We live in a world that requires us to compete on our differential use of time and information, yet only a fraction of information workers today have access to the analytical capabilities they need to make better decisions. Now, with the advent of a new generation of embedded business intelligence (BI) platforms, cloud developers are disrupting the world of analytics. They are using these new BI platforms to inject more intelligence into the applications business people use every day. As a result, data-driven decision-making is finally on track to become the rule, not the exception.
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The World's 30 Most influential Cloud Bloggers
Cloud Expo on Ulitzer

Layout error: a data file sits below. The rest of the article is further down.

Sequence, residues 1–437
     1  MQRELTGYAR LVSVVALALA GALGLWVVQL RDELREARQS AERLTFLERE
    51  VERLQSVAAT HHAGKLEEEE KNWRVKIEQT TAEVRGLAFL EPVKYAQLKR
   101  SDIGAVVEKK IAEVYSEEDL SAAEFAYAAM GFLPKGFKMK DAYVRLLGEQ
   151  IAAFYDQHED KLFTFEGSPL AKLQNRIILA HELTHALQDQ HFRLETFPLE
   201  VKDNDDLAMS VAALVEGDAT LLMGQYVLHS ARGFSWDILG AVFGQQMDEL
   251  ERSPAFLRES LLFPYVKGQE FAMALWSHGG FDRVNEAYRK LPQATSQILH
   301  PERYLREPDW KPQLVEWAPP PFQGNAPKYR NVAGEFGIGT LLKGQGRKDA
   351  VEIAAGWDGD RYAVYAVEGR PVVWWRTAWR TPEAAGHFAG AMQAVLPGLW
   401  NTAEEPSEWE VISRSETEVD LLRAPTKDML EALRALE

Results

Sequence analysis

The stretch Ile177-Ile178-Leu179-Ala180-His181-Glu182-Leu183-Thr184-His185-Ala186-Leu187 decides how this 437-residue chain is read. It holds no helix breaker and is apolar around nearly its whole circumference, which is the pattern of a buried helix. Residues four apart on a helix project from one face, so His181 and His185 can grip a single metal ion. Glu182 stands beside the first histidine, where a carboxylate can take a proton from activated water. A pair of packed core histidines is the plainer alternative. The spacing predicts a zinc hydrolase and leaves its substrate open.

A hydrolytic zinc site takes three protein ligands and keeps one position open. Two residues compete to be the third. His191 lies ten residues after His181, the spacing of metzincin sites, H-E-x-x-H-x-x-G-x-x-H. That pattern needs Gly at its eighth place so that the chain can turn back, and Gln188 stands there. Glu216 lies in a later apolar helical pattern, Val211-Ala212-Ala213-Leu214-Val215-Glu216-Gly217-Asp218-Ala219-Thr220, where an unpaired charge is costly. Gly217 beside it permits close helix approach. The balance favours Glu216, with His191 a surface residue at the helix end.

1
Dustin Amrhein 11 Kevin Hoffman 21 Greg O'Connor
2
Ezhil Babaraj 12 Alin Irimie 22 Maureen O'Gara
3
Tony Bishop 13 Kevin Jackson 23 Mark O'Neill
4
Reuven Cohen 14 Fuat Kircaali 24 Bill Roth
5
Ernest de Leon 15 David Linthicum 25 Ellen Rubin
6
David Dean 16 Lori MacVittie 26 John Savageau
7
Ray DePena 17 Bill McColl 27 Michael Sheehan
8
Dana Gardner 18 Paul Miller 28 Roman Stanek
9
John Gauntt 19 Louis Naugès 29 John Treadway
10
Jeremy Geelan 20 Greg Ness 30 Alan Williamson

Lastest Blog Posts
Like every one I am updating my terminology to reflect the shift that occurred – Business and technical executives immediately get that when combined with a world of smart, connected devices then Cloud computing only makes more sense. We have entered an age where IoT Cloud Computing will become the dominant form of enterprise IT architecture. Smart devices aren’t much use if they aren’t sharing their feeds with some kind of enterprise system, and so new forms of middleware as well as entirely new forms of ERP will emerge too. In short how will that RFID device on the tin of beans ordered by your smart fridge, actually place the order into the supermarket logistics systems?